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    Software name: appdown
    Software type: Microsoft Framwork

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      1. The map of Galine, 1670, has a double title,Carte du Canada et des Terres dcouvertes vers le lac Deri, and Carte du Lac Ontario et des habitations qui l'environnent ensemble le pays que Messrs. Dolier et Galine, missionnaires du seminaire de St. Sulpice, ont parcouru. It professes to represent only the country actually visited by the two missionaries. Beginning with Montreal, it gives the course of the Upper St. Lawrence and the shores of Lake Ontario, the river Niagara, the north shore of Lake Erie, the Strait of Detroit, and the eastern and northern shores of Lake Huron. Galine did not know the existence of the peninsula of Michigan, and merges Lakes Huron and Michigan into one, under the name of "Michigan, ou Mer Douce des Hurons." He was also entirely ignorant of the south shore of Lake Erie. He represents the outlet of Lake Superior as far as the Saut Ste. [Pg 476] Marie, and lays down the river Ottawa in great detail, having descended it on his return. The Falls of the Genesee are indicated, as also the Falls of Niagara, with the inscription, "Sault qui tombe au rapport des sauvages de plus de 200 pieds de haut." Had the Jesuits been disposed to aid him, they could have given him much additional information, and corrected his most serious errors; as, for example, the omission of the peninsula of Michigan. The first attempt to map out the Great Lakes was that of Champlain, in 1632. This of Galine may be called the second.



      Two great parties divided the Catholics of France,the Gallican or national party, and the ultramontane or papal party. The first, resting on the Scriptural injunction to give tribute to C?sar, held that to the king, the Lords anointed, belonged the temporal, and to the church the spiritual power. It held also that the laws and customs of the church of France could not be broken at the bidding of the Pope. * The ultramontane party, on the other hand, maintained that the Pope, Christs vicegerent on earth, was supreme over earthly rulers, and should of right hold jurisdiction over the clergy of all Christendom, with powers of appointment and removal. Hence they claimed for him the right of nominating bishops in permettent eux mesmes sans aucune difficult ce mesme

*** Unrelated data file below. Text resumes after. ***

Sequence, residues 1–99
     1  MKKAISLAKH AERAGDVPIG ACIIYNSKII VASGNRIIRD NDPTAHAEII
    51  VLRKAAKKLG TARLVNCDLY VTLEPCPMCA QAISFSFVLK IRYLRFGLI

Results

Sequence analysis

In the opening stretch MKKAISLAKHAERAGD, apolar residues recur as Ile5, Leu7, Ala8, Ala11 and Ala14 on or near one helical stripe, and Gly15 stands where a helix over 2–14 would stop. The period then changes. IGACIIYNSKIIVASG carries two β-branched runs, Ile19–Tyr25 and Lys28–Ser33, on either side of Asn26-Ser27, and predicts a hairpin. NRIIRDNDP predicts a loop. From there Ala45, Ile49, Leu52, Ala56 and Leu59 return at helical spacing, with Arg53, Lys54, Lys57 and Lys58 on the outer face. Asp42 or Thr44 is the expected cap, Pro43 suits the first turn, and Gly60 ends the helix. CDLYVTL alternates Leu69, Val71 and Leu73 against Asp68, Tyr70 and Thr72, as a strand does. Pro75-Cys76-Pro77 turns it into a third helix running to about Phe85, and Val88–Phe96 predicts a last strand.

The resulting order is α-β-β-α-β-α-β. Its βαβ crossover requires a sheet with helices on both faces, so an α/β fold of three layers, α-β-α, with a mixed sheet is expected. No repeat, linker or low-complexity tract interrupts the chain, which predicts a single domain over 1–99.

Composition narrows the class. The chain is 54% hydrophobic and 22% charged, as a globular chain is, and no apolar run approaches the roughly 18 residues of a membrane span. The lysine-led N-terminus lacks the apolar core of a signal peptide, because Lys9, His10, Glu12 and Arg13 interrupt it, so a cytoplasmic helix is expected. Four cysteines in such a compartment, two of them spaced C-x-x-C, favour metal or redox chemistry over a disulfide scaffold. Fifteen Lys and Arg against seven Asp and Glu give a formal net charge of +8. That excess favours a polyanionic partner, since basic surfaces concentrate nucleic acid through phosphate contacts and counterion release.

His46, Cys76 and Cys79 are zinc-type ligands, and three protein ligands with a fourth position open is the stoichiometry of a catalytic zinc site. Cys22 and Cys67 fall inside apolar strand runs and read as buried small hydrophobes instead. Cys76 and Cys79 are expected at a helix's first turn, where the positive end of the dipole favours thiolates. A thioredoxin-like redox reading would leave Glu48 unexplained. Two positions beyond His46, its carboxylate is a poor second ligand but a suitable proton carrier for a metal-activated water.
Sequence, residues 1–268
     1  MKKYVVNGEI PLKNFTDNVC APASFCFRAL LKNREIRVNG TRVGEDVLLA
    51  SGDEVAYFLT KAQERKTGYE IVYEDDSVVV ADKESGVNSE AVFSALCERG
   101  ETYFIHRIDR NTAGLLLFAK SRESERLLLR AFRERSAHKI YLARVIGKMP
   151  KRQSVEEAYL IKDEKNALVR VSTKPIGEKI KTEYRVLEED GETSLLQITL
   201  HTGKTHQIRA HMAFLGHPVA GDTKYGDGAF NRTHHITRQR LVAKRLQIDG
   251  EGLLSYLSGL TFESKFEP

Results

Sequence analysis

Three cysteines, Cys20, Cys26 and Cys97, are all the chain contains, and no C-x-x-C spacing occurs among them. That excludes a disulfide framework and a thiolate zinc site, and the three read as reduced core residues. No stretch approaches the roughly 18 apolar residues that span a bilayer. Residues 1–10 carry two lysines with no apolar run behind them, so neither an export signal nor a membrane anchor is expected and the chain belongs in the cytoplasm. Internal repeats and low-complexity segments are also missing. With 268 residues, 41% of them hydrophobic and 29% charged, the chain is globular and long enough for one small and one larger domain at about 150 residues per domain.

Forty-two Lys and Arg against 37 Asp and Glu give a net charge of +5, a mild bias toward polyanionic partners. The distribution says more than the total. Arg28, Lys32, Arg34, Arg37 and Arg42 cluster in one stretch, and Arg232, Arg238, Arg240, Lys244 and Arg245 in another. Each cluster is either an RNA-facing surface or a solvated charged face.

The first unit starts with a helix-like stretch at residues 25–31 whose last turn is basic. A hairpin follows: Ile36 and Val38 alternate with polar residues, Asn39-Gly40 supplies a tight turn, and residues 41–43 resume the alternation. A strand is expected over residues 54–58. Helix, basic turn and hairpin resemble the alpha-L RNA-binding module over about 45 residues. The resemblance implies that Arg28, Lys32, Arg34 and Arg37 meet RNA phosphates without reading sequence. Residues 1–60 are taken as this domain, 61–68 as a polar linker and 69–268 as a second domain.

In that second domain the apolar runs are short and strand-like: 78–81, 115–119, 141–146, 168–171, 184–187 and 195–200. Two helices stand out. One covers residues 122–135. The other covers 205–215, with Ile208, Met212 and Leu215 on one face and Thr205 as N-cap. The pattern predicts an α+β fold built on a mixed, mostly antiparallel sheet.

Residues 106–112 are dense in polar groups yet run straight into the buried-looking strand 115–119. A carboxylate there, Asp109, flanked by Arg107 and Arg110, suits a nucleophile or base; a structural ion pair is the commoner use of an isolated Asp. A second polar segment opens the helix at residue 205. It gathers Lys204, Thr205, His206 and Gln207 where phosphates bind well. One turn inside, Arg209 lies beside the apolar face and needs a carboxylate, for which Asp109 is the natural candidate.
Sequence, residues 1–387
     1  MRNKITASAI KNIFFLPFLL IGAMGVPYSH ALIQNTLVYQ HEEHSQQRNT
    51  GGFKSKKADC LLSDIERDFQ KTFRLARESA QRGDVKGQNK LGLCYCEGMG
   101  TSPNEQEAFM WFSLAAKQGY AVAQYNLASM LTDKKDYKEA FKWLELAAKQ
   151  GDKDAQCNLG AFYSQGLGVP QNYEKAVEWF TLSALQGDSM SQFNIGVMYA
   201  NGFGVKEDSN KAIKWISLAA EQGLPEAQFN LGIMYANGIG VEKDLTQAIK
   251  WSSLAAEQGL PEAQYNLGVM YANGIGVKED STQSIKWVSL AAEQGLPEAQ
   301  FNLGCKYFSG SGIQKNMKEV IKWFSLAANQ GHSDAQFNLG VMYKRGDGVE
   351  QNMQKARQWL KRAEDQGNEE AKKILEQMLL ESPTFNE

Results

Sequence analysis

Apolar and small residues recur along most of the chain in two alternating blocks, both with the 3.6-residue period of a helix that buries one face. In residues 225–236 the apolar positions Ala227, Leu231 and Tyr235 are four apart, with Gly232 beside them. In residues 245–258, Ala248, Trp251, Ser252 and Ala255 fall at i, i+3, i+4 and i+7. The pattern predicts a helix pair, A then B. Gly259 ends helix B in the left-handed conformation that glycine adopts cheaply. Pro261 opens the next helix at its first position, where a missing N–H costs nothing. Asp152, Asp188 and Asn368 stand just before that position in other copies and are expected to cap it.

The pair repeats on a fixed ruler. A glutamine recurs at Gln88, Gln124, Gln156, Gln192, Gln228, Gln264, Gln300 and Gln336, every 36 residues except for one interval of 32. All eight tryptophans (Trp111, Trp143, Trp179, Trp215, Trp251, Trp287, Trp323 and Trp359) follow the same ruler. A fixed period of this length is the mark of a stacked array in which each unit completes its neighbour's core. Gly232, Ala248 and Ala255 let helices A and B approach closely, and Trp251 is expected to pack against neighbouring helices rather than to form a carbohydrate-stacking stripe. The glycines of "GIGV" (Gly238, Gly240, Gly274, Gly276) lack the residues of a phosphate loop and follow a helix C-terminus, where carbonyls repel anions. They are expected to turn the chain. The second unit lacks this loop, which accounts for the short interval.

It was two years and five months from her landing on the island, when, far out at sea, the crew of a small fishing-craft saw a column of smoke curling upward from the haunted shore. Was it a device of the fiends to lure them to their ruin? They thought so, and kept aloof. But misgiving seized them. They warily drew near, and descried a female figure in wild attire waving signals from the strand. Thus at length was Marguerite rescued and restored to her native France, where, a few years later, the cosmographer Thevet met her at Natron in Perigord, and heard the tale of wonder from her own lips."Given at St. Germain en Laye, this 12th day of May, 1678, and of our reign the 35th year."